Image of a Glass of Water with an Orange in it.

Injecting Reality into the Alkaline Water for Health (AWH) Trend

Lynn Adams
Nov 19, 2015

Proponents of the alkaline water for health (AWH) trend (a term that I just coined) claim that drinking this ‘miracle liquid’ can increase your energy, prevent disease, slow aging, and prevent bone loss, among other health benefits. The AWH trend has its origin in the claim that most people are walking around with ‘low grade acidosis of the body’ caused by the acidity of many of the processed foods common to a modern diet. They claim that chronic, low grade acidity in the blood and cells is partly responsible for a number of the diseases that plague modern society, like cancer and osteoporosis. Advocates allege that if you drink alkaline water, it can counter this acidity and neutralize your blood and cells – leading to better health and longer life. However, nutrition science and basic biochemistry tell us that this is just plain wrong.

What is alkaline water? It is plain water that is altered so that it has a pH level greater than 7. A pH of 7 is neutral because it is in the middle of the pH scale, where a pH of 1 is extremely acidic and a pH of 10 is extremely alkaline. The normal pH of the human blood is about 7.4; acidosis occurs when body fluids are excessively acidic, and alkalosis occurs when the pH of bodily fluids is too alkaline. When these conditions occur in the human body they are generally caused by serious medical conditions such as diabetes, kidney disease, and various metabolic disorders. People with these issues require more in the way of medical treatment than a different type of water.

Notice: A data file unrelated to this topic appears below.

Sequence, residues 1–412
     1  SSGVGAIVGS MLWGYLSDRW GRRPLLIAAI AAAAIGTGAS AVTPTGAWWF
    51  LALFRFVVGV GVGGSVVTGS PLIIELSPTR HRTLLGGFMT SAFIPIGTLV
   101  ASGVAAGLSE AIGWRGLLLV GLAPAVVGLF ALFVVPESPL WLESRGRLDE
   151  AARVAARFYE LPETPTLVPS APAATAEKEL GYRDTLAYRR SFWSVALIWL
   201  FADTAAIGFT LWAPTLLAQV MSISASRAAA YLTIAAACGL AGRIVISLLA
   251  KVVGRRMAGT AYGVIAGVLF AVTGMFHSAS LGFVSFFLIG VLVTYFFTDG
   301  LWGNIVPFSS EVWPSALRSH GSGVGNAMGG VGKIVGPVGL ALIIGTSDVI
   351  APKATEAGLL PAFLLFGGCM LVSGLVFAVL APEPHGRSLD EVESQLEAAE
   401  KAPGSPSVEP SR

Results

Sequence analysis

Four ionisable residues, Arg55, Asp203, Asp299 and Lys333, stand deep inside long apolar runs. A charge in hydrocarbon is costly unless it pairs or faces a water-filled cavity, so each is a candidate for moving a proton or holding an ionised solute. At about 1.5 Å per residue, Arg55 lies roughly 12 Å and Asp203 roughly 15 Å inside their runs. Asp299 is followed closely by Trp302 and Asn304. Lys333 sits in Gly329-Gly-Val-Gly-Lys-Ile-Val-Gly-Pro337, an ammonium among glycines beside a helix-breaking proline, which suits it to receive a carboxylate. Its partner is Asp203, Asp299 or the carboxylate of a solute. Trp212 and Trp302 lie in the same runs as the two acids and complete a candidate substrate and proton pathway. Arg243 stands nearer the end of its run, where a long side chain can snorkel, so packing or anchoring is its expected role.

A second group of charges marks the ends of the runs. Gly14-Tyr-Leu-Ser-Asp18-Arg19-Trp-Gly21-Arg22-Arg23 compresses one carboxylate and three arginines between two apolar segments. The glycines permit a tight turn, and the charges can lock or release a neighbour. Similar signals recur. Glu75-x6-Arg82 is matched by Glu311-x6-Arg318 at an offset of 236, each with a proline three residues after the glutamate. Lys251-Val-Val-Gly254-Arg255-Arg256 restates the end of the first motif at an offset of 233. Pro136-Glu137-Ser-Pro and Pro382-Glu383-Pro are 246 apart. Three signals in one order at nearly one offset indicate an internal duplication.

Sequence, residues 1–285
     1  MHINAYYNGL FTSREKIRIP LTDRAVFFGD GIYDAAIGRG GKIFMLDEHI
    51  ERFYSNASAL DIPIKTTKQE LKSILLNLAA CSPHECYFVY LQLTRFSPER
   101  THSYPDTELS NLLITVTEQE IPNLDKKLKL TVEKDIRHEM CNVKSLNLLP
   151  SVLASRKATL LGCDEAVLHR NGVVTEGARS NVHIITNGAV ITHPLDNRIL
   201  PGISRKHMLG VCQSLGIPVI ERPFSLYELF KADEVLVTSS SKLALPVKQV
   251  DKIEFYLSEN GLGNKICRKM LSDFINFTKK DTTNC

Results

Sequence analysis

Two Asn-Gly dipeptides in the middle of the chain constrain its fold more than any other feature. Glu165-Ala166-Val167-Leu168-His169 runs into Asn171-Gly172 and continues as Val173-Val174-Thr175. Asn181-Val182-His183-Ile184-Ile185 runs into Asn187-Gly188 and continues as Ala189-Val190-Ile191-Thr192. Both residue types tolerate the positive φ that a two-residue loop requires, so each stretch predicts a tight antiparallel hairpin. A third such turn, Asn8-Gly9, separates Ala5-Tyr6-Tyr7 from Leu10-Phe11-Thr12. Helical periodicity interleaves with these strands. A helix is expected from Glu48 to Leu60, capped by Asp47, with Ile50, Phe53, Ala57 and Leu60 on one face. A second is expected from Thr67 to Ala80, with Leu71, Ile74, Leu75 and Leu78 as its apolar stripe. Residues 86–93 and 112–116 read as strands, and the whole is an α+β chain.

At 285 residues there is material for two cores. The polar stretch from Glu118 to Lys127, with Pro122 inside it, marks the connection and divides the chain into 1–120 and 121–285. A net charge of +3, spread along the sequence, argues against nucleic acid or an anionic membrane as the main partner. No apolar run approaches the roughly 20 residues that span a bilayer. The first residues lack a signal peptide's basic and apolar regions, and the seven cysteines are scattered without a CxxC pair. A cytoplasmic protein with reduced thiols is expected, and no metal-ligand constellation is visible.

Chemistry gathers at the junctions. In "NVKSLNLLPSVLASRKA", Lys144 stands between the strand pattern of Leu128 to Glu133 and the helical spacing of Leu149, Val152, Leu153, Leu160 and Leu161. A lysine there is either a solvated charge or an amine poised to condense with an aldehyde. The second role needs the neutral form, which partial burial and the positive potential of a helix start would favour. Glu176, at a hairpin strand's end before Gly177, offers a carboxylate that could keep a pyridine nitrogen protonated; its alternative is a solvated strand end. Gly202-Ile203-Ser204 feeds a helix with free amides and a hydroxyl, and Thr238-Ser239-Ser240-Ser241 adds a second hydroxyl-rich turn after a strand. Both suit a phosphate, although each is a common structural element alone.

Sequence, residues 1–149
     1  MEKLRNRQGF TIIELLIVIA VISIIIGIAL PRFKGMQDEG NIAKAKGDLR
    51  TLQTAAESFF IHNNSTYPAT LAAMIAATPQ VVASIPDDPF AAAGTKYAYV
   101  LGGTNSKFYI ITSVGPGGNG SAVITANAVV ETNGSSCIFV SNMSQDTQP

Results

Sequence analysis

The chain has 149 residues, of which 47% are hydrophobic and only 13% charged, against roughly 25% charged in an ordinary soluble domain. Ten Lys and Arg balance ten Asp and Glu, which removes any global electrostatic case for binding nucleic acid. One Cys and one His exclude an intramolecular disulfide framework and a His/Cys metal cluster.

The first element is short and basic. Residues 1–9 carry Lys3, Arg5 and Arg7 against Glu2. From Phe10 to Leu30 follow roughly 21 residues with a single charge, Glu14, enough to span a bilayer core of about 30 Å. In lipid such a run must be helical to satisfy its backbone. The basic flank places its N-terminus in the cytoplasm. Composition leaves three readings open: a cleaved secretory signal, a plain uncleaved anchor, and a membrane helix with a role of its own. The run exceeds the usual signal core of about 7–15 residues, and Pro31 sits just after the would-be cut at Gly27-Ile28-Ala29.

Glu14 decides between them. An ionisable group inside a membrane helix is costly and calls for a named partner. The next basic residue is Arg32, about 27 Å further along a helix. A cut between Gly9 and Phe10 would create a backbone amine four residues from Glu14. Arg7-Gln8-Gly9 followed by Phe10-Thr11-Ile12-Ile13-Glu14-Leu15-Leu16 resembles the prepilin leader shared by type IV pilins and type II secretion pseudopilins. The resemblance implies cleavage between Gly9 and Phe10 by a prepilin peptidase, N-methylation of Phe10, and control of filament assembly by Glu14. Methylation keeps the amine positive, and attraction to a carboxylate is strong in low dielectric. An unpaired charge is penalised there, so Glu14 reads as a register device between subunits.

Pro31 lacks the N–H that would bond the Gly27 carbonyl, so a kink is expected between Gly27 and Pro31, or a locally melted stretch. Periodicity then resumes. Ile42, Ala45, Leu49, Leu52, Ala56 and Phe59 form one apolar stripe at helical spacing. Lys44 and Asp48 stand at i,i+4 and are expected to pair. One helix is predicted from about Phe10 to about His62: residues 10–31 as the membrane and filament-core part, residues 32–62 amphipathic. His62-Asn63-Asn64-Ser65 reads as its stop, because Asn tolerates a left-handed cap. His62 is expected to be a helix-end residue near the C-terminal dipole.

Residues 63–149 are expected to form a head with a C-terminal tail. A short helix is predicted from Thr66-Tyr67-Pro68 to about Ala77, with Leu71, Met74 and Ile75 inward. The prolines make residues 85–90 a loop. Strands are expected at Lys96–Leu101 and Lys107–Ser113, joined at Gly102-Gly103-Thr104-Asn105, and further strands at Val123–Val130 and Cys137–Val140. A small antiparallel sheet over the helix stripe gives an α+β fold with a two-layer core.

So the basic premise of the alkaline water theory is that ingesting alkaline water can change the pH of blood and cells, because the water is alkaline. Why is this theory so far off the mark? Because anything that you swallow goes into your stomach, and in response, the stomach releases digestive enzymes and hydrochloric acid to break down the newly acquired stomach contents. So the pH of the food or drink when it enters the stomach is irrelevant, it all gets acidified. Depending on whether your stomach is full or empty, or the contents of your meal, stomach pH generally ranges from 1 to 3. Then, when the stomach contents are ready to leave for the intestines, the pancreas secretes chemicals which neutralize the acid, so that everything comes out at the proper pH (approximately 8). How, then, is ingesting alkaline water supposed to change this? It can’t. There are no scientific, peer-reviewed studies that show otherwise.

Now, diet CAN change the pH of your urine in either direction on the pH scale because when your body breaks down foods to extract the energy and nutrients, leftovers called ‘ash’ are formed – kind of like what is left over in the fireplace after you burn logs. This leftover ash can be acid, neutral, or alkaline, depending on what the food was made of. Acid-forming ash components are things like phosphate and sulfur, and alkaline-forming ash components are things like calcium, magnesium, and potassium. However, the actual pH of the food isn’t an indication of whether the leftovers will be acidic or alkaline. Oranges, which we associate with being acidic, contain citrate which is metabolized to bicarbonate which is alkaline. Cool, huh?